• 7
    Agree, this is okay, but the idea here with the question is I've ALREADY done all of this work of staging the changes I want to do something with (ostensibly originally to commit, but now want to stash), not looking to just do it all over again.
    – Steven Lu
    Jun 4 '18 at 20:02
  • 4
    does not work for newly created files (works on the modified files only) Sep 20 '18 at 16:22
  • 2
    @DerekLiang: Newly created files are not tracked at all. You probably should check -u|--include-untracked option of git-stash Sep 20 '18 at 16:40
  • 2
    From the docs: "save: This option is deprecated in favour of git stash push. It differs from 'stash push' in that it cannot take pathspecs, and any non-option arguments form the message."
    – Borjovsky
    Apr 10 '19 at 16:09

TL;DR Just add -- $(git diff --staged --name-only) for your git <pathspec> parameter

Here is a simple one-liner:

git stash -- $(git diff --staged --name-only)

And to add a message simply:

git stash push -m "My work in progress" -- $(git diff --staged --name-only)

Tested on v2.17.1 and v2.21.0.windows.1


  • Please be aware that this will stash every single thing, if you have no files staged.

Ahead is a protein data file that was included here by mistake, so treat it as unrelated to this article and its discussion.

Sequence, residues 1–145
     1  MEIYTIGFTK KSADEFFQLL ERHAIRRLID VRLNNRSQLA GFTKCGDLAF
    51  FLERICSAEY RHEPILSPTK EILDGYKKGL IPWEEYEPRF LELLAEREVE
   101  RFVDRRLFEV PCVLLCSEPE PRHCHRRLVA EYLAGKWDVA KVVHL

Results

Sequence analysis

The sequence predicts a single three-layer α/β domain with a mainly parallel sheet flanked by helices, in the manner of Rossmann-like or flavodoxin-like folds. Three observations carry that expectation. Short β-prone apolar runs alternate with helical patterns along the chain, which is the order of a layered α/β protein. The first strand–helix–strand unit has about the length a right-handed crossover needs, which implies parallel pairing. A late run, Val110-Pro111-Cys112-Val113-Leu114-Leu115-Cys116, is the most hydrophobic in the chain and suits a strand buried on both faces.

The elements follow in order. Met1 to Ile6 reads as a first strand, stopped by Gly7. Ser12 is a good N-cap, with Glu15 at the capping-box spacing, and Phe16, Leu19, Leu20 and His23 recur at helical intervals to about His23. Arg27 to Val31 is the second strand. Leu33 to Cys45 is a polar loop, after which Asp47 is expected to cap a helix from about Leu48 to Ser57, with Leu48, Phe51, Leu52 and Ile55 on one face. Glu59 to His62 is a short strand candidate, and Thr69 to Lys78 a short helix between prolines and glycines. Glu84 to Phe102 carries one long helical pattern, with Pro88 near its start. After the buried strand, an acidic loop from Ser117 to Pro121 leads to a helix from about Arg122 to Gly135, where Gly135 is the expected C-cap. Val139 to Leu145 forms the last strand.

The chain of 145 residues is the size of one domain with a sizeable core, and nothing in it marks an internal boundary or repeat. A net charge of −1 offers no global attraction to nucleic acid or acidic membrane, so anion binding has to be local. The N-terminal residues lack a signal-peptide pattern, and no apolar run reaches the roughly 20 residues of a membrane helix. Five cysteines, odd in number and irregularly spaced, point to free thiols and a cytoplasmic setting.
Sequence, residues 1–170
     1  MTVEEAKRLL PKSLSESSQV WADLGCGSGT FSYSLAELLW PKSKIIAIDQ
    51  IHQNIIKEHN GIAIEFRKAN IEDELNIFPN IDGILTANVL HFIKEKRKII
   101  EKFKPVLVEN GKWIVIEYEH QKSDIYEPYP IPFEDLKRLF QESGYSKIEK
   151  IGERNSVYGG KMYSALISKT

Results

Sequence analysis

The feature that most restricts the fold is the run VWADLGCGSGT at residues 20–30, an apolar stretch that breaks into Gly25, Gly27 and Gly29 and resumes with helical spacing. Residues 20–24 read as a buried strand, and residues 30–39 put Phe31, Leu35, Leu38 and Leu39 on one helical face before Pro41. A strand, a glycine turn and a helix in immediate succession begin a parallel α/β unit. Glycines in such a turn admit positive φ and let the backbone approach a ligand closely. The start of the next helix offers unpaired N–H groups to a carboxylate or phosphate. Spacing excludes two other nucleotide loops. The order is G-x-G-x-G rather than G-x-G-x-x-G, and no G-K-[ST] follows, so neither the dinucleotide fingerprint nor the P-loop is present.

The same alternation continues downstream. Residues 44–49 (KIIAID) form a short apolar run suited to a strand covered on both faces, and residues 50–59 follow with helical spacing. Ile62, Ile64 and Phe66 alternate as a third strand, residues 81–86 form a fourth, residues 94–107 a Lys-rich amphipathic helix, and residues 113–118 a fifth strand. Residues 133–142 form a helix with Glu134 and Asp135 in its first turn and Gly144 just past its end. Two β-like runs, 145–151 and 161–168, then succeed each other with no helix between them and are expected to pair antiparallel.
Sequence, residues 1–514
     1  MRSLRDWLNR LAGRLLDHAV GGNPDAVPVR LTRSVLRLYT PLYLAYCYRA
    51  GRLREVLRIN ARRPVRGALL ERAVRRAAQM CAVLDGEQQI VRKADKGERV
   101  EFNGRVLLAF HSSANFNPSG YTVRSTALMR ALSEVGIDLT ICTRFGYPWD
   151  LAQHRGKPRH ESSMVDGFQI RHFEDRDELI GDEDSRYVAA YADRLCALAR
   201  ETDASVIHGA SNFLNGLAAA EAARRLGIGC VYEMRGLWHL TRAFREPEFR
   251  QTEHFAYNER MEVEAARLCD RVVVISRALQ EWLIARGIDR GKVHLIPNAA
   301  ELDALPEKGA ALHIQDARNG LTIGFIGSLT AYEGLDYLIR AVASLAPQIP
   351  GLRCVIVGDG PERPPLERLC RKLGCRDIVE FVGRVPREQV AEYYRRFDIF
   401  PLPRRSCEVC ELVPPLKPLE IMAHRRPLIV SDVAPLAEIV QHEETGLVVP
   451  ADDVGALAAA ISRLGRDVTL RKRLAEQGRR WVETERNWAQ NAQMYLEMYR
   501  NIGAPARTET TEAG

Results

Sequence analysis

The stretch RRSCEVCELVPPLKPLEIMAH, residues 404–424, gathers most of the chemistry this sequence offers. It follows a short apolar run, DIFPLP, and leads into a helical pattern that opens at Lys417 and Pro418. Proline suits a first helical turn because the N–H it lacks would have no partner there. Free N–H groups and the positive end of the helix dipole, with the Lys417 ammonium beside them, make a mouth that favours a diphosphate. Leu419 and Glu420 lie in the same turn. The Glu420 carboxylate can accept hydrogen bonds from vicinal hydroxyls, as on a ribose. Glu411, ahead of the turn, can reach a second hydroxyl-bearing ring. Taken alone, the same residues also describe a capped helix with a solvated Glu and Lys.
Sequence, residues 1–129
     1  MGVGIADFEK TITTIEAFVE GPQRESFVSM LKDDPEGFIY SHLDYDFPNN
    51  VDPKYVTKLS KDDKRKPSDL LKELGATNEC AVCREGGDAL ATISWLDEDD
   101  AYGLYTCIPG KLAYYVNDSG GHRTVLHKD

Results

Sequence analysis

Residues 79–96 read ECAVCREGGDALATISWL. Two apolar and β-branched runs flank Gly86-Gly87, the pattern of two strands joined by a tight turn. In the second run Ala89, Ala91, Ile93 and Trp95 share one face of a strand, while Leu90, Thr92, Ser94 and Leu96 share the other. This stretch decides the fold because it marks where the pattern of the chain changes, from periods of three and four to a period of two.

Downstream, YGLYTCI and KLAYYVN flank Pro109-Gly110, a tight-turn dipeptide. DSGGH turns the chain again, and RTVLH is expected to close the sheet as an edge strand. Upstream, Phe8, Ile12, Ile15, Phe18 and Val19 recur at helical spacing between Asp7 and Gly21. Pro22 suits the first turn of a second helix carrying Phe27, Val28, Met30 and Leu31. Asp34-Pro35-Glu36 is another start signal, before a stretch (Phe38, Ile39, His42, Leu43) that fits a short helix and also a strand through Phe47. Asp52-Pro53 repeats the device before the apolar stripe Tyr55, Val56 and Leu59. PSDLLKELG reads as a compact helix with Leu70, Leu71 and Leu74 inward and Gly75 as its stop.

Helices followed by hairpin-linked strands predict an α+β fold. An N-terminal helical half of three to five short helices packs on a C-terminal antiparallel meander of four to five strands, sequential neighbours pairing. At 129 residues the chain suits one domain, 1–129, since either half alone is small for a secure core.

• Also if you have a file that is only partially staged ( i.e. only some changed lines, are staged while some other changed lines are not), then the whole file will get stashed (including unstaged lines).
  • 27
    I think this is the best option on the situation described: easy to understand and no black magic involved!
    – Luis
    Jan 30 '20 at 17:44
  • 2
    This is pretty neat. I ended up creating an alias out of it! Feb 20 '20 at 23:21
  • 2
    @IgorNadj Sure! Here it is: github.com/panchalkalpesh/git-aliases/commit/… Mar 4 '20 at 20:59
  • 4
    please, note that (at least on my machine, 2.27.0.windows.1) this works only if you are in the top-level dir of your repository.
    – marco6
    Jun 22 '20 at 15:56
  • 3
    This doesn't seem to work if a deleted file is staged.
    – Dennis
    Apr 28 '21 at 20:51

I made a script that stashes only what is currently staged and leaves everything else. This is awesome when I start making too many unrelated changes. Simply stage what isn't related to the desired commit and stash just that.

(Thanks to Bartłomiej for the starting point)


#Stash everything temporarily.  Keep staged files, discard everything else after stashing.
git stash --keep-index

#Stash everything that remains (only the staged files should remain)  This is the stash we want to keep, so give it a name.
git stash save "$1"

#Apply the original stash to get us back to where we started.
git stash apply stash@{1}

#Create a temporary patch to reverse the originally staged changes and apply it
git stash show -p | git apply -R

#Delete the temporary stash
git stash drop stash@{1}

To accomplish the same thing...

  1. Stage just the files you want to work on.
  2. git commit -m 'temp'
  3. git add .
  4. git stash
  5. git reset HEAD~1

Boom. The files you don't want are stashed. The files you want are all ready for you.

  • 9
    This is easily the best answer and the easiest to remember
    – Kevin
    Jan 21 '20 at 15:59
  • 2